Qing Qing’s “End of the Century Ambiguity” video work also employs a humorous device to make a cutting critique about contemporary masculinity, gender relations and the self-satisfied, complacent culture of consumptive excess and leisure idolized by the Chinese nouveau riche, and enjoyed disproportionately by men. If the sex trade—symbolized by massage and karaoke singing—has long been a rite of passage supplies the lubricant of political and business deal-brokering, taking place in settings in which women can have but one role, the meaning of former Traditional Chinese Medical doctor Qing Qing’s metaphorical send-up of the massage, by substituting and pig for the man, can hardly be misinterpreted.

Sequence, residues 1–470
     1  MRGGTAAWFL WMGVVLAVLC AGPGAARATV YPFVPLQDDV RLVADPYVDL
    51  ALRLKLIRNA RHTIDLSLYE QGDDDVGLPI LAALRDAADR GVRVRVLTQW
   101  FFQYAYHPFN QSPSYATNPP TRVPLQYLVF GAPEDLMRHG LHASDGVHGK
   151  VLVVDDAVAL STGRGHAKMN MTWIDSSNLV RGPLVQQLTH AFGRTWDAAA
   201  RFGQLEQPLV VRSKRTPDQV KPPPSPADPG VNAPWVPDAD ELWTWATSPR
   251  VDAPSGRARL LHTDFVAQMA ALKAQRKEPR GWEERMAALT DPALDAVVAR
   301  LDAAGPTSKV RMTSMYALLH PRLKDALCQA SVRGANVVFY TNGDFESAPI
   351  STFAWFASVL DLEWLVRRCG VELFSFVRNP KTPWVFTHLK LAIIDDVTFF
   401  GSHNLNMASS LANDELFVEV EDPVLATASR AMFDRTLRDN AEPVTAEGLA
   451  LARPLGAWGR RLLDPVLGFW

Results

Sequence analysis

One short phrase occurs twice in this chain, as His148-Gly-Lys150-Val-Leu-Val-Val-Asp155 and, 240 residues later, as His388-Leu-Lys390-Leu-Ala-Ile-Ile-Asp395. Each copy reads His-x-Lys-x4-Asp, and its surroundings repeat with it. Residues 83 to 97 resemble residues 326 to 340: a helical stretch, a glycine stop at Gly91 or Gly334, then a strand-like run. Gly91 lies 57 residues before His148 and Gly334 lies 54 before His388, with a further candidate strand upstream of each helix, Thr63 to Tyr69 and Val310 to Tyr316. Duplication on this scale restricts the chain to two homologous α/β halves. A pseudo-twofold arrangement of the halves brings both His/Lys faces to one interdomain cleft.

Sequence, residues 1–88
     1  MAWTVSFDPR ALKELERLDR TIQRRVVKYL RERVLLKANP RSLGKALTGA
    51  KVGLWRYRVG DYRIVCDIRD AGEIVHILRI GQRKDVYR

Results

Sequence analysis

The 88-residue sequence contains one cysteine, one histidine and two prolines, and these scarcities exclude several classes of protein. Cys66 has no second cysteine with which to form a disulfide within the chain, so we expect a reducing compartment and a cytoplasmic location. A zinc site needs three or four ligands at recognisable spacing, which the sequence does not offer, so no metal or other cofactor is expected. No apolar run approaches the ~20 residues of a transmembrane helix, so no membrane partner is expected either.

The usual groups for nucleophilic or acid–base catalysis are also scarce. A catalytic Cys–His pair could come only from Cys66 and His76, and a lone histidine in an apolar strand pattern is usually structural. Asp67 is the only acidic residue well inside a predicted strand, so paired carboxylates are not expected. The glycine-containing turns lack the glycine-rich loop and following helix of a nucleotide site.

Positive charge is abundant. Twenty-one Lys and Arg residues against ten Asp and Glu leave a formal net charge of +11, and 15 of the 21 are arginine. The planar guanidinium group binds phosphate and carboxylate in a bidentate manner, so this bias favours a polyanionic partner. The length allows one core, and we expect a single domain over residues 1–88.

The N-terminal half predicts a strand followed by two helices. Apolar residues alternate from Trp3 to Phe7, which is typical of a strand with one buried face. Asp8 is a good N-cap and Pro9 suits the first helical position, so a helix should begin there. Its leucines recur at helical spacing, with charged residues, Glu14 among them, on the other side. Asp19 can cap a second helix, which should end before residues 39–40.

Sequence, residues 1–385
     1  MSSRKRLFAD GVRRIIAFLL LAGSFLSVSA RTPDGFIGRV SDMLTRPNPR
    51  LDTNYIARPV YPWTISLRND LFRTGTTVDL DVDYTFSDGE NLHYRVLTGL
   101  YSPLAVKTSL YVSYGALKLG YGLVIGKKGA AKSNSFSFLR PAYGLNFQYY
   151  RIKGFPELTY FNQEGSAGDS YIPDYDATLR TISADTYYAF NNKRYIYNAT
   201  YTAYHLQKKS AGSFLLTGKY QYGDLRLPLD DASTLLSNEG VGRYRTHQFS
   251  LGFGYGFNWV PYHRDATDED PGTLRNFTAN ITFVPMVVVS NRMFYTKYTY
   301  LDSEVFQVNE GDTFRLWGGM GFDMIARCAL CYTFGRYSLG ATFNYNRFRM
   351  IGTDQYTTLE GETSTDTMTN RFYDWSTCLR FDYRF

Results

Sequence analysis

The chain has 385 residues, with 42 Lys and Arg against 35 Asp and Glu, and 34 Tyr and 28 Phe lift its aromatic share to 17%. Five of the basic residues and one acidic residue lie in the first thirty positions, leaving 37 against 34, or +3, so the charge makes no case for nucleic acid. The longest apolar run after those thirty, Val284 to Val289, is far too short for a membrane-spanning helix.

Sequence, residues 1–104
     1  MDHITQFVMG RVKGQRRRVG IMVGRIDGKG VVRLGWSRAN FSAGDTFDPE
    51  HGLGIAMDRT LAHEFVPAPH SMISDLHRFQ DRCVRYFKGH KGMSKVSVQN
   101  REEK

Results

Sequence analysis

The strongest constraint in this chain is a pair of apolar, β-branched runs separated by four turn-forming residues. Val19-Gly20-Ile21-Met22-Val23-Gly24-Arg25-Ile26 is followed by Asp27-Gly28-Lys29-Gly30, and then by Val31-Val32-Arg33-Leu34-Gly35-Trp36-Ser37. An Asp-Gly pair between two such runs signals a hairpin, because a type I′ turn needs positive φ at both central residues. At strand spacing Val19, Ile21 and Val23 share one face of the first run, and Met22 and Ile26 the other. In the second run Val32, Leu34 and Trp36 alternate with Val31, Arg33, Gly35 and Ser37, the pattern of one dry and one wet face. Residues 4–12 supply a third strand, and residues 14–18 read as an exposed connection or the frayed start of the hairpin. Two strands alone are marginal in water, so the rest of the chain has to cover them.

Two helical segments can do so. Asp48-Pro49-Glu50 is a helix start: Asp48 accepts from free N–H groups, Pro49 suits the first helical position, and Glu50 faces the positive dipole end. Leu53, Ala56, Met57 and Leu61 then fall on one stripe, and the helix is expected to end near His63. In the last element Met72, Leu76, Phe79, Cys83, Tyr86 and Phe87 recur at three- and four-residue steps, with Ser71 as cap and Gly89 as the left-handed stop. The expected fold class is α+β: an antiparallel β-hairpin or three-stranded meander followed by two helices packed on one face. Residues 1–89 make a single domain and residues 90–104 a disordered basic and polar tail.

In “Beijing Zoological Garden,” Ma Yongfeng also brings animals into his work, albeit in a different way. Here the passage is from a naïve childhood orientation towards nature, in which fantasies of the great and vast natural world are fueled by trips to the zoo, to a knowing adult complicity with the confining, cruel arrangements that place the human being in a hierarchical relationship to nature. Placing the pitiful images of the Beijing Zoo in the classical Chinese round frame, echoing Song Dynasty paintings, the aestheticization of routine suffering is brought to the fore. As we watch the animals attempting some semblance of a “life” in their cramped and miserable cement “habitats,” we learn more about ourselves than we do about these creatures. Nature exists here as rendered by the human imagination, and the poverty of vision and compassion that makes such conditions possible is what is inscribed most visibly in these scenes.